The information schema consists of a set of views that contain information about the objects defined in the current database. The information schema is defined in the SQL standard and can therefore be expected to be portable and remain stable — unlike the system catalogs, which are specific to PostgreSQL and are modelled after implementation concerns. The information schema views do not, however, contain information about PostgreSQL-specific features; to inquire about those you need to query the system catalogs or other PostgreSQL-specific views.
Note: When querying the database for constraint information, it is possible for a standard-compliant query that expects to return one row to return several. This is because the SQL standard requires constraint names to be unique within a schema, but PostgreSQL does not enforce this restriction. PostgreSQL automatically-generated constraint names avoid duplicates in the same schema, but users can specify such duplicate names.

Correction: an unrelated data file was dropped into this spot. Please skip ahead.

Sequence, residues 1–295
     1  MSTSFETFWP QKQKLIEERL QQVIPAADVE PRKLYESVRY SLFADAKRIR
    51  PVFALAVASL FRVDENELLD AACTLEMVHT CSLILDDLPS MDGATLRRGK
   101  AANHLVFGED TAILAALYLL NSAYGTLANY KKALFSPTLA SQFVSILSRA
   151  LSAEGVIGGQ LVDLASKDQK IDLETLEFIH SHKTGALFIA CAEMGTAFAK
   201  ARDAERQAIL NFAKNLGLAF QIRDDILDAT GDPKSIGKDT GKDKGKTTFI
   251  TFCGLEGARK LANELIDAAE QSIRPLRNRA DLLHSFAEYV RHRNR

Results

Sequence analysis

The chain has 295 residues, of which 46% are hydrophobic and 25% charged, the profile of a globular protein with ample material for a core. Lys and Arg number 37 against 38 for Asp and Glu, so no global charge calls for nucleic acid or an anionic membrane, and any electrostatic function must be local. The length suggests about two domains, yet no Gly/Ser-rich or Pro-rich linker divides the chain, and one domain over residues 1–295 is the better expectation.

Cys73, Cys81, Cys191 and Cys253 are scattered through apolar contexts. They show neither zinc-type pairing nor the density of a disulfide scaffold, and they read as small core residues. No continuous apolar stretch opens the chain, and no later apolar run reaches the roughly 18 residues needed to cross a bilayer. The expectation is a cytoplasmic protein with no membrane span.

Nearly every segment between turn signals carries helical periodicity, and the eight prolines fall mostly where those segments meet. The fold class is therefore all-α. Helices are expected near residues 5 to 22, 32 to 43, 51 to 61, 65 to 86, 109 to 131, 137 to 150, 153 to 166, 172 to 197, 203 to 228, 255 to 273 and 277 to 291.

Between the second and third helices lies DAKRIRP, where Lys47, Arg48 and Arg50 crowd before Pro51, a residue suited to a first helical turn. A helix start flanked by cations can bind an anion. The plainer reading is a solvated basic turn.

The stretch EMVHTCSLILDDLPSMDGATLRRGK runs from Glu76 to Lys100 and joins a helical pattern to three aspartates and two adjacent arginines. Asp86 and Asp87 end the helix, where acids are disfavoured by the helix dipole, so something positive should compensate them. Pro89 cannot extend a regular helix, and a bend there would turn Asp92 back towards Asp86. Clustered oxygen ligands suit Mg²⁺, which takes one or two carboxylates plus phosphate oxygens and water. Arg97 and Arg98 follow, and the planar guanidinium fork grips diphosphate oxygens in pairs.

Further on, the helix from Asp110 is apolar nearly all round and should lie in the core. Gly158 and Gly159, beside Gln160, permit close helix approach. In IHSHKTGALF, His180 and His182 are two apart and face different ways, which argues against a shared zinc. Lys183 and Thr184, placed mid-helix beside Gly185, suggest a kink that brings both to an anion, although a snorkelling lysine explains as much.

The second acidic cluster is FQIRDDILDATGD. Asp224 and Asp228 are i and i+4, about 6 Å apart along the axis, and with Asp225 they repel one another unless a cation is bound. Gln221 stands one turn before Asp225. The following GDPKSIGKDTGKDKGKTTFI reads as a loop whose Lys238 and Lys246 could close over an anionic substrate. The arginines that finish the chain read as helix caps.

This problem can appear when querying information schema views such as check_constraint_routine_usage, check_constraints, domain_constraints, and referential_constraints. Some other views have similar issues but contain the table name to help distinguish duplicate rows, e.g., constraint_column_usage, constraint_table_usage, table_constraints.